As Lucas Cheang looks through photos in his scrapbook, he points to one of his mother Tina lying in bed and says simply: “This is when mummy died.”
It’s a heartbreaking sentence to hear from a six-year-old.
When Tina was diagnosed with secondary breast cancer in 2010, five months after Lucas was born, she and her husband Aaron were devastated.
But after chemotherapy, radiotherapy, surgery and hormone therapy, she was as doctors called her “a miracle” and well for another three years — until the cancer returned.
“We were married for almost 14 years,” Aaron said.
“I was worried Tina would never hear Lucas say his first words, call her mum … that she would die before he had fully developed that bond.
“She was amazing the whole time. She was always thankful for life, for the chance to be a mum, and she was just full of joy and always said every day was a gift from God.”
Rather than hide her illness, Tina and Aaron did all they could to create memories together for Lucas in the 14 months she had left.
Aaron reduced his work hours to part-time, the family went on excursions around Sydney, and he took plenty of photos and videos even of the “mundane things” Tina would do around the house.
As Christians, they spoke to Lucas at length about how they didn’t know why Tina had gotten cancer, but that when she died her soul would rise to heaven where she would wait for him.
“One of the difficult things is that people avoid talking about people who die,” Aaron said.
“We use euphemisms like ‘someone’s gone’ … but they don’t help little kids, so I definitely try and make sure we talk about Tina dying in very concrete terms.”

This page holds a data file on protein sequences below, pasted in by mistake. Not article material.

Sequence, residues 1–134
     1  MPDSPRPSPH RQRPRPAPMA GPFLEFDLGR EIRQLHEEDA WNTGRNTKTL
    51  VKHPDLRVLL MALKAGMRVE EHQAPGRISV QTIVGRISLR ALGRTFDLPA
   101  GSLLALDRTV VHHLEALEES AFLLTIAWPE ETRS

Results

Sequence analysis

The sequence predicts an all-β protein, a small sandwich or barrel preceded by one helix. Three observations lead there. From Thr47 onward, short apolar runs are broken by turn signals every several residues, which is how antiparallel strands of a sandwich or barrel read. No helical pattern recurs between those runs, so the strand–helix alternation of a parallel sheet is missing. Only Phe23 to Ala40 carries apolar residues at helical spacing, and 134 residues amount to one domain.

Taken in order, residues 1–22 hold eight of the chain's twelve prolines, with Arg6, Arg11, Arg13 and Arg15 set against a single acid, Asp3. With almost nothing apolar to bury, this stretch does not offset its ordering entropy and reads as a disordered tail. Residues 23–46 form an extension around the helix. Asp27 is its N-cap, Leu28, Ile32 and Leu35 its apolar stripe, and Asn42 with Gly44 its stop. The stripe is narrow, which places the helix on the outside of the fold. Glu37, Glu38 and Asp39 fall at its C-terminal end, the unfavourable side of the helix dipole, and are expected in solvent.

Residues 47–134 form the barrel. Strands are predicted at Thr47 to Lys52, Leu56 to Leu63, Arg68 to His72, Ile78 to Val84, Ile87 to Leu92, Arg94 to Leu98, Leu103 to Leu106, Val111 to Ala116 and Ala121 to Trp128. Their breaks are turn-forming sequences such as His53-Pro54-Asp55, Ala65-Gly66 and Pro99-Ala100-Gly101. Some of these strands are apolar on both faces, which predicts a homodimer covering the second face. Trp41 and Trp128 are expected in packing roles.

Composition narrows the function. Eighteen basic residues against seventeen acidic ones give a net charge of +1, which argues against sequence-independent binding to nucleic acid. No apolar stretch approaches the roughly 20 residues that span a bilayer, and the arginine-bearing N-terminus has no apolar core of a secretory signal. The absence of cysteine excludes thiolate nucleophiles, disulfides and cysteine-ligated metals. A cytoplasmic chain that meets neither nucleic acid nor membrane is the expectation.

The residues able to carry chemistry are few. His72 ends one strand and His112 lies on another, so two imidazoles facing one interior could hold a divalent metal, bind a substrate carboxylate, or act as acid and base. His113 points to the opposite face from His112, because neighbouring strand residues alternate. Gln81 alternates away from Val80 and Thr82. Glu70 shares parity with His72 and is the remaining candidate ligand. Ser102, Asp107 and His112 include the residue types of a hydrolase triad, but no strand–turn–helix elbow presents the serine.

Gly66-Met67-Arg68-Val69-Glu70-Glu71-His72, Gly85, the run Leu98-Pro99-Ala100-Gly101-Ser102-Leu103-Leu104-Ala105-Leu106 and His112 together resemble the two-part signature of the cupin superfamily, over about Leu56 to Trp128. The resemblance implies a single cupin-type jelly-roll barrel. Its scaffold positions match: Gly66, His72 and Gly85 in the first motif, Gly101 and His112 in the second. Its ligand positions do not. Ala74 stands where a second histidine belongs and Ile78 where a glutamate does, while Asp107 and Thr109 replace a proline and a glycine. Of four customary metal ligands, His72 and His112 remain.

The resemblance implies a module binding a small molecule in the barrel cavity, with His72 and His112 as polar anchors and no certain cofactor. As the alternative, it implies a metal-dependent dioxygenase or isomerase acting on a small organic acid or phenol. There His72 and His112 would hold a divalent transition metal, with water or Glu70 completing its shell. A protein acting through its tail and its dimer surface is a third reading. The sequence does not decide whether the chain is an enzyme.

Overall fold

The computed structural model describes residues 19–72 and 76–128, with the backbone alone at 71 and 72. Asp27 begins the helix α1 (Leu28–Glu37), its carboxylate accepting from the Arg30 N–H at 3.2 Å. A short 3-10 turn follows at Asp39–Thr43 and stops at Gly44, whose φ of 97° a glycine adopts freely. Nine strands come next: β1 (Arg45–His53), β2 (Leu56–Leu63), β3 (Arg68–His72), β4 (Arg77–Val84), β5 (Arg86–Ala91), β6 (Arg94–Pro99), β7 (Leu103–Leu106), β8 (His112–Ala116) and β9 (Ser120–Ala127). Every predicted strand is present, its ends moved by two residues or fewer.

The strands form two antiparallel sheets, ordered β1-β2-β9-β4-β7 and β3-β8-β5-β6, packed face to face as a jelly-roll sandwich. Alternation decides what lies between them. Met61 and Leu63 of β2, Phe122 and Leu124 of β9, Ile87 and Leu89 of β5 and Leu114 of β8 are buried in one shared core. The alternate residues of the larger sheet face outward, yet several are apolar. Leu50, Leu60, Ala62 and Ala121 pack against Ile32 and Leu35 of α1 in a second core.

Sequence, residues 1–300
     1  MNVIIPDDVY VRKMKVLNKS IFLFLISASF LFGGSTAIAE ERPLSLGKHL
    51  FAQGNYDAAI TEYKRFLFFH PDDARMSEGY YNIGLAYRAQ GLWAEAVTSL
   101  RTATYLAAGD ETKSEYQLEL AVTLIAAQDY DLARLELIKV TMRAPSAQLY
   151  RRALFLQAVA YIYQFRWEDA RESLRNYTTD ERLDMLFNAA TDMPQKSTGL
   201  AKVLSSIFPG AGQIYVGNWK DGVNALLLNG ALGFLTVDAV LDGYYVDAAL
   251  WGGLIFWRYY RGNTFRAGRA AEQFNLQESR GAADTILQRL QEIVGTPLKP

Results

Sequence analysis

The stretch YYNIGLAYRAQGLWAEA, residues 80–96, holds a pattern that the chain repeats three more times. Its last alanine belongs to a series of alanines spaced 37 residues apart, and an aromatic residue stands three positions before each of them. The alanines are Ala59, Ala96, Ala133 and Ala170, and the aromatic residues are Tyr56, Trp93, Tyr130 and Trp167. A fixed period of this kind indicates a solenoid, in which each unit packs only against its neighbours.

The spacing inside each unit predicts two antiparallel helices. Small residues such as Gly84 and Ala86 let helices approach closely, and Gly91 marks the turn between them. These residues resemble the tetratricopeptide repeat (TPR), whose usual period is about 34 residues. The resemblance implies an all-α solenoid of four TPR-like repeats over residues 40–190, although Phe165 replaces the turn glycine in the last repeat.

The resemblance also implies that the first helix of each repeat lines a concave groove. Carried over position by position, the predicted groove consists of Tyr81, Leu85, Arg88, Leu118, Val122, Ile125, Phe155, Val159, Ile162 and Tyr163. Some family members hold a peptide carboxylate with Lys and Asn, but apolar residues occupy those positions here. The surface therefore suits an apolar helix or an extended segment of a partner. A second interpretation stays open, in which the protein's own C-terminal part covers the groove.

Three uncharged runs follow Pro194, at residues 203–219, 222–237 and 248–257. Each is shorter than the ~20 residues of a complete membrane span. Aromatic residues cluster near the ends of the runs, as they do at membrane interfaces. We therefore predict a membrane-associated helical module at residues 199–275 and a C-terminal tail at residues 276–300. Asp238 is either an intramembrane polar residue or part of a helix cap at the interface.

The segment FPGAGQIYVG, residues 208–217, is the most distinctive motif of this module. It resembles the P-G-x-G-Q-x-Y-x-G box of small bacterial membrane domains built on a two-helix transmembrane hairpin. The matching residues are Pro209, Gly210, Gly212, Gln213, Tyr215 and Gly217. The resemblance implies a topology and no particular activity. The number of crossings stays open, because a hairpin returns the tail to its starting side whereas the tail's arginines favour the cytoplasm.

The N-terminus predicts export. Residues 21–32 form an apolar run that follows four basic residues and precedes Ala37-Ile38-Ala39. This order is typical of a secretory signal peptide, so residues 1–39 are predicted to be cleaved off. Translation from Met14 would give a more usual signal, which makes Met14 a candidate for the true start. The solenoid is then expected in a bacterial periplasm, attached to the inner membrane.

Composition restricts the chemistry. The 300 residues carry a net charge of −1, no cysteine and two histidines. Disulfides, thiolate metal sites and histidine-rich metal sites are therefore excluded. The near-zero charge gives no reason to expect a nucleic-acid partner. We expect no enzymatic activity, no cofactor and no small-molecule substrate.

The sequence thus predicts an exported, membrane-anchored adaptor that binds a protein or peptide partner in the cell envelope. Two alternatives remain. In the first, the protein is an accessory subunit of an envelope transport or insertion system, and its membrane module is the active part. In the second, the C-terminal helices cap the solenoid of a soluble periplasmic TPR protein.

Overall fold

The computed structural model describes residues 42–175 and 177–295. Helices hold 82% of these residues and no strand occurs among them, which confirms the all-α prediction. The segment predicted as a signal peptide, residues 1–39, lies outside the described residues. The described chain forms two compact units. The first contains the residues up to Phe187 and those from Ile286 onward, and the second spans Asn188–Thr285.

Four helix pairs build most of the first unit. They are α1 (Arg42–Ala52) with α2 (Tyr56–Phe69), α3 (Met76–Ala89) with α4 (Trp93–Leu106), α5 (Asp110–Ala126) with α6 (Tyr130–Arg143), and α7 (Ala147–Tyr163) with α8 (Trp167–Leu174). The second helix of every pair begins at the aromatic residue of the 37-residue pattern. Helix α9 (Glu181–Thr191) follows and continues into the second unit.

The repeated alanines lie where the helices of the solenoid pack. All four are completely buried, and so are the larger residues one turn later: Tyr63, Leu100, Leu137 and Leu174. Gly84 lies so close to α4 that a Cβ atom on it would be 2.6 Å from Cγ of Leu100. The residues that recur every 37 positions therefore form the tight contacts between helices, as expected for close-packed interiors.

Tina died at home on the morning of November 6, 2015.
Lucas was in the room with her and describes that moment as when “mummy breathed out her last breath and even the nurse couldn’t help her”.
Speaking to young children with concrete words is very important, according to psychologist Nathan MacArthur.
Mr MacArthur is the bereavement service leader at HammondCare North and counselled Aaron and Lucas after Tina’s death.
“If we say someone’s passed away that can be confusing, or saying go to sleep; kids can then get scared to go to sleep,” he said.
“Kids at that age are very concrete thinkers. Being able to talk about when people die as their brains stop working, their lungs stop breathing … that’s how we explain how people die.
“That can feel enormously confronting for parents.”
Mr MacArthur recommended parents use books to help them find the words to explain to their children why their mum or dad is dying.
He also said to enlist the help of family, friends and the school particularly at times when the responsibilities of being a carer, a parent and breadwinner can feel overwhelming.
The same applies once the family member dies.
“Maintain routine,” Mr MacArthur said.
“Children will continue to ask a lot of questions. Be able to answer those questions clearly.
“Their behaviour might change with grief, like they might be clingy or try and act older.
“Keep having conversations with them about the parent, keep the memory present.”
At the start of her illness, Tina and Aaron set up a blog to keep family and friends updated with her progress.
Her humour and good spirit are reflected throughout her posts, like in one of the entries in 2015:
“Just a heads up: If things go badly I *will* be on the look out for an appropriate godly, single bride for Aaron! Must be good with kids. If that’s you, and you’re summoned to my death bed, don’t worry, it’s just for an interview! 😉 I will also take expressions of interest, but not quite yet! 🙂
Tina’s wishes were somewhat fulfilled by a friend from church, Naomi, who struck up a friendship with Aaron months after Tina had died.
After six months of chatting over Skype because Naomi was working overseas, and one visit with Lucas to Dubai, the pair became engaged and married about eight weeks ago.
“I think that’s one of the reasons the relationship worked, we could talk openly about Tina and there was never awkwardness about that, and never any awkwardness with Lukey either,” Naomi said.
One of Lucas’s anxieties after Tina died was who would look after him if his father also passed away.
“He had a really clear idea in his mind that there was a lot more security once we were married,” Naomi said.
“I think he was just really happy to have a mum and be like other kids again.”
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